Applying the “fix”

This step really depends on the type of issue you’re solving. Just make sure you read carefully the project’s contributing guidelines and comply to them. Most mainstream open source projects have a strict process of guidelines and formatting rules that all contributors must follow.

Also, feel free to ask the maintainer or other contributors for help if you’re stuck or have any question about anything.

Commit and push your changes

Once your fix is ready, you should be proud of yourself! You’ve done the hard work, the rest is just a formality.

So next, you need to commit and push your changes to your own copy of the project — the one you forked!

Again, read carefully the project’s contributing guidelines and check how you should format your commit messages and branch names. Every project has its own convention. Also, it is considered a good practice to push your changes — fix — to a different branch other than “master” or “develop”, so you can easily merge or rebase your changes later on — in case you have to do so.

It is usually appreciated, sometimes mandatory, to include a detailed description about your changes/fix/implementation in the commit’s body. This will help others to instantly know about the changes introduced by this commit.

Send a PR—Pull Request

Now, you’re ready to send your changes to the original project — the upstream project. For that, you’ll have to open a Pull Request.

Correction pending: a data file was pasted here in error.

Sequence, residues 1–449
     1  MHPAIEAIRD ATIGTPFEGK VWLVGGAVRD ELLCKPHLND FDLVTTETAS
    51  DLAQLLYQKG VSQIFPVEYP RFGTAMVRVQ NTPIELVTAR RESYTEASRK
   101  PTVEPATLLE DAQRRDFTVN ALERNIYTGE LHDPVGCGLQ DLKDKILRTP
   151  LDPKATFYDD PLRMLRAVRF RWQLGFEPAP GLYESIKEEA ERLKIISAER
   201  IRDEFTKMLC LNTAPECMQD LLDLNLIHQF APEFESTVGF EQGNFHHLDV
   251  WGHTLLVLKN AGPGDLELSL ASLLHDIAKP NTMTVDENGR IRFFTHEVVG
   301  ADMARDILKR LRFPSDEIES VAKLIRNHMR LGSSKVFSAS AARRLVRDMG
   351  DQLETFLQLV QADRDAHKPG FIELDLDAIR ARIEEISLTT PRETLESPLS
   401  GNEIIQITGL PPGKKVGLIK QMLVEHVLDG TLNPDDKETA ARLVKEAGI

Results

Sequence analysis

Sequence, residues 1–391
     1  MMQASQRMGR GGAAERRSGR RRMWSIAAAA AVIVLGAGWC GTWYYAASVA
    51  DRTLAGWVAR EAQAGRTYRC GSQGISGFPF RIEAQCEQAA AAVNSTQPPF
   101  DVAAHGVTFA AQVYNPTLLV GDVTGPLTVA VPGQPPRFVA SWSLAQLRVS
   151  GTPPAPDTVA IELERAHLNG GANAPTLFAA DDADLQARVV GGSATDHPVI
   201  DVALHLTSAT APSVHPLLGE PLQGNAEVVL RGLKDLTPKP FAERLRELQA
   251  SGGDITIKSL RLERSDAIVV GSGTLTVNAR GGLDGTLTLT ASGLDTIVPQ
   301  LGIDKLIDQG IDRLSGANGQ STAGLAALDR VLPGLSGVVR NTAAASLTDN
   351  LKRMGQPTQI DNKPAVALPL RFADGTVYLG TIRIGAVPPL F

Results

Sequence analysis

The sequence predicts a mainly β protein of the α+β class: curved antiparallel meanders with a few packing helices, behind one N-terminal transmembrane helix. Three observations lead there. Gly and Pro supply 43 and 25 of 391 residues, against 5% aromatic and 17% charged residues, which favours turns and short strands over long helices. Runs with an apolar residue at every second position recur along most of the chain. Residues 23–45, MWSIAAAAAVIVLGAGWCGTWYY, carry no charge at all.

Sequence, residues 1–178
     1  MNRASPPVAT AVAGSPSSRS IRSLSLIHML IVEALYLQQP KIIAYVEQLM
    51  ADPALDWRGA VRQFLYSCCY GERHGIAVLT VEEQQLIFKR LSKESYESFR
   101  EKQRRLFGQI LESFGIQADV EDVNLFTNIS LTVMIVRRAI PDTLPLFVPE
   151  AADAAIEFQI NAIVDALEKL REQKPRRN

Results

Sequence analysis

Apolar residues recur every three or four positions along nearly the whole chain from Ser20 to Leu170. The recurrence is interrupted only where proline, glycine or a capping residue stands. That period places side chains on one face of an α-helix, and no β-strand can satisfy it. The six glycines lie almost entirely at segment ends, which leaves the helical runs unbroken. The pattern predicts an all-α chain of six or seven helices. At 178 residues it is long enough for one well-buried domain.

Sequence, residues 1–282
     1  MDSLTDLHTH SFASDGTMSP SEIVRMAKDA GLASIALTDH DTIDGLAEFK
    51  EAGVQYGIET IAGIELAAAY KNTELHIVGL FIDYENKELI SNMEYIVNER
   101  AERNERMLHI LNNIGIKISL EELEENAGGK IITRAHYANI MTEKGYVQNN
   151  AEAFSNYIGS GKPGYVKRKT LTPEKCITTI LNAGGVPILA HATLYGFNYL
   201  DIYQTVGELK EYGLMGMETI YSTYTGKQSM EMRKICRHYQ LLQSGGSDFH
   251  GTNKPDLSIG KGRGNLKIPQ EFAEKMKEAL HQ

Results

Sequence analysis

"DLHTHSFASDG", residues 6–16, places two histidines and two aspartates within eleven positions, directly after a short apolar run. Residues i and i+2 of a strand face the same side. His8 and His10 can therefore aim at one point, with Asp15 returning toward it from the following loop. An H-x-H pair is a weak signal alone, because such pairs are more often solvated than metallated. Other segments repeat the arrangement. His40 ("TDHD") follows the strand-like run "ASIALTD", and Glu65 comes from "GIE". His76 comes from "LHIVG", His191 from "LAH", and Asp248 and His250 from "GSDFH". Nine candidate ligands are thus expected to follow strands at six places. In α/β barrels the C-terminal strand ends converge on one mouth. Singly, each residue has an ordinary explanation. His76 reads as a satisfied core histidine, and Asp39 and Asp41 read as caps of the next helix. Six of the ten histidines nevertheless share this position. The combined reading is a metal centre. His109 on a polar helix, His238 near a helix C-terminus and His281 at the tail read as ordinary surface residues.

Now, send your PR and cross your fingers! Sometimes, you will get asked by the project’s maintainers to update or provide some changes to your changes before they can merge your PR.

If the project’s maintainers can’t merge your PR for some reason (usually a technical one), don’t be upset or disappointed! Give it another shot or simply move on and take another issue to fix. That’s totally fine, it’s part of the contribution.

I hope you now have a clear idea about Open Source contributions and how easy they can be.


Follow me @manekinekko on Twitter for more updates about Open Source.

Top comments (5)

oscherler profile image
Olivier “Ölbaum” Scherler

Good article, thank you. But I think you were a bit heavy-handed with the “it’s easy” seasoning. I’ve seen high profile projects where the tool chain was so convoluted that you couldn’t figure out how to build the documentation after fixing some simple things. Ironically, the documentation about contributing to the documentation was the most lacking part.